Committee applicants will receive more information when it becomes available, including the proposed committee structure, terms of reference, and committee member compensation. We also anticipate holding an orientation session for all committee members of the new oral health regulator.
The draft bylaws for the new college were written to align the four colleges’ current bylaws. They reflect our intent to modernize oral health regulation in BC, within the framework of the Health Professions Act.
- Board size: a 12-member board that is 50 per cent public
- Annual meeting: incorporation of meaningful two-way engagement with the public and registrants
- Delegation and authorization: enhanced ability of people working in an inter-professional team-based environment to make decisions that support team-based practice
The Transition Steering Committee (TSC) reviewed and provided feedback on most draft bylaw parts at their last meeting on March 3. The remaining parts will be submitted to the TSC for review for their next meeting on March 17. We have met regularly with Ministry staff to engage them in the bylaw drafting process and will continue to do so until the bylaws are ready for public notification and comment.
Interim Operating Model
At the February 23 staff meeting, staff heard about our modernization journey and how the interim operating model (IOM) is just one step toward the journey of becoming a modernized regulator. The purpose of creating an IOM was to “stand up” a unified college, and following steps included outlining functions across all four colleges, which meant developing a map of our functions.
Functional Design Map
The integrated project team has mapped out the functions necessary to operate an interim college. This map outlines the functions each of the legacy colleges has and organizes them into regulatory and non-regulatory operational areas. Another way to think about this is that the functional design is about what we do, whereas an organizational chart is about who does it and how.
View the functional design map below:
The organizational chart (currently under development) will support the functional design by identifying the people structure that will support organizational functions.
Next steps include conducting workshops with a cross-section of subject matter experts to review existing processes and how they will support the proposed design.
Note: More information on how the functional design and organizational chart work together is available in the People > Organizational Design section of the project website.
Validation workshops underway
Validation is a step that is used by project managers between the phases of complex projects. It involves reviewing progress made to date and confirms (or “validates”) that the project can proceed to the next step. In the design phase of the project (Sept – Dec 2021) there were specific workstream leaders who worked on various aspects of the amalgamated college.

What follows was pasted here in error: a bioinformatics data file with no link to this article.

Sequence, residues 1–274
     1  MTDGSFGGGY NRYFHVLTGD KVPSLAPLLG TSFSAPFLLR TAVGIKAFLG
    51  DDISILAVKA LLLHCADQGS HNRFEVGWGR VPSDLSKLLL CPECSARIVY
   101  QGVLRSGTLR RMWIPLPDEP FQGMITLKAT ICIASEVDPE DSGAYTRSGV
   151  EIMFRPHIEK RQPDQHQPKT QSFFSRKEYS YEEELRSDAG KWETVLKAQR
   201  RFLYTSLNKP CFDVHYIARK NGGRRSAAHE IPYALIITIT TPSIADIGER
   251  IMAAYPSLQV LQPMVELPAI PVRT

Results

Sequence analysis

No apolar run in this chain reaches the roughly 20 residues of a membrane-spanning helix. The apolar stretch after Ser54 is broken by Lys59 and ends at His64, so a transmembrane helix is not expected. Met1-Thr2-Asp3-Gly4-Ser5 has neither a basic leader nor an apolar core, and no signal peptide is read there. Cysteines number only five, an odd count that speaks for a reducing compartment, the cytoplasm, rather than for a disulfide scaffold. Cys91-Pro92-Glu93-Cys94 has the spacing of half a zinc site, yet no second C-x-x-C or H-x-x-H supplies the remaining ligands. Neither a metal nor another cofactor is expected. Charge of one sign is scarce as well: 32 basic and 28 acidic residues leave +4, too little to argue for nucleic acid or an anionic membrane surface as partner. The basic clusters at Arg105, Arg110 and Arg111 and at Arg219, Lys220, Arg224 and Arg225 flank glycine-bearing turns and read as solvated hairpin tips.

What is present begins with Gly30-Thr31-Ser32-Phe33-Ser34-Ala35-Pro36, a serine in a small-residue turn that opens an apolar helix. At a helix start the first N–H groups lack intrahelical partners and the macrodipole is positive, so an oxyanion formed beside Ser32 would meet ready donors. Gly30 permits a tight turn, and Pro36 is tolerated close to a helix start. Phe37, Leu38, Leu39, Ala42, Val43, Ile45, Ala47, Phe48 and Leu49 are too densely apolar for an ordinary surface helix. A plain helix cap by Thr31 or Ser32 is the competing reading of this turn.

Now that we are in the implementation phase, we are holding validation workshops made up of a mix of subject matter experts from all four legacy colleges. Workshops have been organized in alignment with the functions identified in the functional design map.
These workshops allow participants the opportunity to review current processes in order to validate what works and make recommendations for areas or processes that may not work. Many of the subject matter experts participating in the workshops are individuals who are involved in hands-on work within each functional area (e.g. governance, registration, quality assurance). This cross-college engagement has been hugely valuable and has identified several gaps in processes or areas for improvement.
Some of the things we have heard from the workshops so far include:
- Interest in keeping dialogue going and engaging on an ongoing basis to review and tweak processes
- A real desire to “fix things” – participants recognize this opportunity to take part in simplifying processes can have a great impact on registrants and the public
- Staff are enthusiastic about building a strong, unified college
The workshops began on February 22 and are expected to wrap up by mid-March. The input from our staff will inform the next level of planning, including how and when implementation will occur, policy, guideline and training needs, and more.
Much work is underway to ensure we’re all able to work efficiently when we’re one organization and there’s a smooth transition for registrants, patients, and the public. We’ll need a common website and new email addresses, a new phone number and shared phone system, shared access to databases and a common virtual workspace.